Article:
HEAR THIS: 'Get In Line' with Simon Curtis and 'R∆'

Yesterday the Robot Army, aka Simon Curtis fans, recieved a very pleasant surprise. Simon announced his sophomore album, R∆ (pronounced like 'rah'), the followup to last year's epic free release 8 Bit Heart, was finally going to hit iTunes...today. Because I am a total pop music egomanic, I immediately took this news as a very sweet gift for my upcoming 24th birthday (it's on the 17th, people -- don't forget!...Just kidding.). Being the rapid fan that I am, I've spent my entire day listening to the album ad naseum over and over, and it will surprise exactly zero point zero zero people when I tell you this -- it is really, really good.



Like 8 Bit Heart before it, R∆ delivers from start to finish. While its predecessor focused more on the longing for requited love, the majority of R∆ is more about spouting confidence in the face of seemingly insurmountable adversity and spitting in love's face -- the after effects of love gone sour or being done wrong. It also reads a bit like a diary into the life of Simon Curtis to this point, with several references to his legion of homegrown fans (dubbed Robots after 8 Bit). In fact, he chose the name R∆ as an homage to his fans -- it stands for 'Robot Army', "enlisted" in the wake of the literally thousands of free legal downloads of 8 Bit Heart.

If you take away nothing from my blog, please know this much -- Simon Curtis doesn't mess around when it comes to pop. R∆ is strong, dark, dirty pop for 2011 -- heavy on the electro synth, sprinkled with tasty falcetto and hooks that can't and won't quit. The pre-released singles so far, the soaring, anthematic "Superhero" and the more-than-a-little-bit-pervy "Flesh" (think Lady Gaga's "Teeth" meets Rihanna's "S&M" with a little bit of Ro Danishei's "Babydoll" mixed in) certainly whetted my appetite, but with Simon, he always sets the hype bar so high that I will admit I worried I might be setting myself up for a slight dissapointment. He is a totally independant artist afterall -- no big budget production with flashy stylists, choreographers and video directors to fall back on like so many of the other pop personas that he is ever-so-capable of hanging with. In this day and age, even your fave mega-artists can leave a sullen taste in your mouth (hey there, Christina!). Proudly, my worries were unfounded. Pop Faith is unnecessary when you have an artist like Simon, in the very capable hands of his go-to producer Jeff "Jadion" Wells, and its very clear they have made magic together once again. Simon is the ultimate pop dynamo -- he clearly has a lot of miles left in him.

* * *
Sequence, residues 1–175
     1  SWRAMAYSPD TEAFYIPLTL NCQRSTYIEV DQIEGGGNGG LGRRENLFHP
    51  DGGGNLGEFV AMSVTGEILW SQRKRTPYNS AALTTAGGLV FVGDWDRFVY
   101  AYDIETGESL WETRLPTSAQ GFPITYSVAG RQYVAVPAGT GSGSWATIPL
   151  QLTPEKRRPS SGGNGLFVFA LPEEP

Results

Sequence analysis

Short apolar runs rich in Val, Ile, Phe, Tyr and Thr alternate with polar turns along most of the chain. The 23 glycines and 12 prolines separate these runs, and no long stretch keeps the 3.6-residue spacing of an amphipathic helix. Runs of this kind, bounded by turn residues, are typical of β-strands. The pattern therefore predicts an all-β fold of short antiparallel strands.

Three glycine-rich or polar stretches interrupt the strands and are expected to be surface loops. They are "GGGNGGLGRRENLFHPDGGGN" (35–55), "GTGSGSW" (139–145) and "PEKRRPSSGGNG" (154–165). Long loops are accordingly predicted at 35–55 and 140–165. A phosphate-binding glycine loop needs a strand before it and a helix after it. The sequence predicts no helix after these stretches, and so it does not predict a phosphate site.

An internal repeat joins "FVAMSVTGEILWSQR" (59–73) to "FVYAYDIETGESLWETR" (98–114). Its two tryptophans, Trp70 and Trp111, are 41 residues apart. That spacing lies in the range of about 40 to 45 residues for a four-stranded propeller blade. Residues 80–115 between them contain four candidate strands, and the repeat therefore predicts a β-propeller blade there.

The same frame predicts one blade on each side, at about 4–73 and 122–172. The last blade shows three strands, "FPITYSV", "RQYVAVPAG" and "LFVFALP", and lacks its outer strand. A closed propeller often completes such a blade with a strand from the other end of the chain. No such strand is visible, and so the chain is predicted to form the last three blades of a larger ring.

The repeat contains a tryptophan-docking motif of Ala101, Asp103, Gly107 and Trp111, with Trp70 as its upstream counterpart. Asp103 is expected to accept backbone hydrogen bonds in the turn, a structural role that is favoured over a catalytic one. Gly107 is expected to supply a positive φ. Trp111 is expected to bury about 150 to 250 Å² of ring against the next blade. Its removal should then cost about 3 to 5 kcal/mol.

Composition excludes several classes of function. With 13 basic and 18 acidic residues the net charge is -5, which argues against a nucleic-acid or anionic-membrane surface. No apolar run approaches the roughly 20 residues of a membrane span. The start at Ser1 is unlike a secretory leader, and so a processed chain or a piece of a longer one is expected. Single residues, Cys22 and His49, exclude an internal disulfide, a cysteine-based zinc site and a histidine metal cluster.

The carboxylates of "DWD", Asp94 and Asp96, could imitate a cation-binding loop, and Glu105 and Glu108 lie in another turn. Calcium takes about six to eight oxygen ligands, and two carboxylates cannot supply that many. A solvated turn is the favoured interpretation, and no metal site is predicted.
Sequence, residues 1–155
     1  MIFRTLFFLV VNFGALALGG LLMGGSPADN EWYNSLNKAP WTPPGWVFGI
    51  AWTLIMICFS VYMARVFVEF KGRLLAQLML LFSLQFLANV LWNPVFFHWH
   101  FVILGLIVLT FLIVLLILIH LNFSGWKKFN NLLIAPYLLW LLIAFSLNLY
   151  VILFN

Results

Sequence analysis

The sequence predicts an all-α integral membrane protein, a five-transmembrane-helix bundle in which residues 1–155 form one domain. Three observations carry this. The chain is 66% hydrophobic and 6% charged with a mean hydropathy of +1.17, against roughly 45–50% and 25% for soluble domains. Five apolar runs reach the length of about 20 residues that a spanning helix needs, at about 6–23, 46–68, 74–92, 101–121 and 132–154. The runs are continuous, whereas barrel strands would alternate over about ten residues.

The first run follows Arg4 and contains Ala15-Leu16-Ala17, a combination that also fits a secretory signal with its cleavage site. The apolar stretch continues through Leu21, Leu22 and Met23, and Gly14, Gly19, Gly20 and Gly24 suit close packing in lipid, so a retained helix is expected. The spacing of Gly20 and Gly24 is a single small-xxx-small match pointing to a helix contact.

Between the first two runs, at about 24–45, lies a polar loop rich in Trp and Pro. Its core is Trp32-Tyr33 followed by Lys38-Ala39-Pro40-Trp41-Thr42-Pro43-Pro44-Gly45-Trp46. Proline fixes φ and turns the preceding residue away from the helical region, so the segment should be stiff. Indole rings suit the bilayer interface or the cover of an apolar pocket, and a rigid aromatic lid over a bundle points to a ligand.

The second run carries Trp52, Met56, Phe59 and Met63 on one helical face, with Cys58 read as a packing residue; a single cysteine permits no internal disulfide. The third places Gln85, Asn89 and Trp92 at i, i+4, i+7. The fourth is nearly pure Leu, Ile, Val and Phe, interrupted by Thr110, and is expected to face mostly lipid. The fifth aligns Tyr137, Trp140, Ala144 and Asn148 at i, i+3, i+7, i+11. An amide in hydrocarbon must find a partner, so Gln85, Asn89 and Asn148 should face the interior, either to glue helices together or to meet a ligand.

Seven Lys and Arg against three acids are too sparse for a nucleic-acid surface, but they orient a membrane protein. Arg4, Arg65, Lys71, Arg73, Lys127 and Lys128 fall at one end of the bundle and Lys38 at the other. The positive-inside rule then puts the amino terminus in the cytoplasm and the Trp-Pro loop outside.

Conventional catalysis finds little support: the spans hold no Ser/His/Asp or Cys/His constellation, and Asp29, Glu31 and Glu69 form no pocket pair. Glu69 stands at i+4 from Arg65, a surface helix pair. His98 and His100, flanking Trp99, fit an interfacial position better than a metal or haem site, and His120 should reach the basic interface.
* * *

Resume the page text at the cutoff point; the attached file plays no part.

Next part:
Suffice to say, 8 Bit Heart's brillance was no fluke.

R∆ is full to the brim of fun pieces of pop. My favorite track (at this very second at least) goes to the unrelenting "Enemy", which was premiered in snippet form a few months ago via Billboard and was performed live when I saw him in April. It's Radio-Ready Simon at its finest, and is possibly his most commercially catchy track to date. The punchy "D.T.M. (Dead To Me)" comes in a very close second. Simon seems to be on the top of his game when he's dark and snarky ("Diablo", anyone?). "Laser Guns Up" screams pop-lovers quotation ("The name is S-I-M-O-N. / The game is P-O-P.") and is the perfect way to "set the party off right". "Get In Line" reads like a love letter to his fans, many of whom like me have been sticking by his side for several years now, amassing together to help spread the word about his music. In short form, R∆ is a fireworks show -- it blows by you quickly but keeps you very captivated by its intensity.

To see the immediate fallout of his underground campaign has been staggering, and I have to admit hearingt he album for the first time today made me a little bit verclempt. It hasn't even been available for 24 hours and yet it's already broken into the Top 200 on iTunes (Top 30 in the UK), seen huge mentions on MTV.com and gained him props in the New York Post. Today is definitely a good day for Daddy Robot.

It's needless to say, but I'll say it anyway. R∆ is available for purchase on iTunes now. Do your ever-loving pop heart a favor, and go buy it. Support good pop, people! It's your civic duty!

1 comment

Paul said...

i just can't write a review. it's impossible. it's in draft form at the moment and it's far far far too long. I have to say my faves are Flesh and How To Start A War... but i'm absolutely thrilled at the success the album seems to be having this week :)

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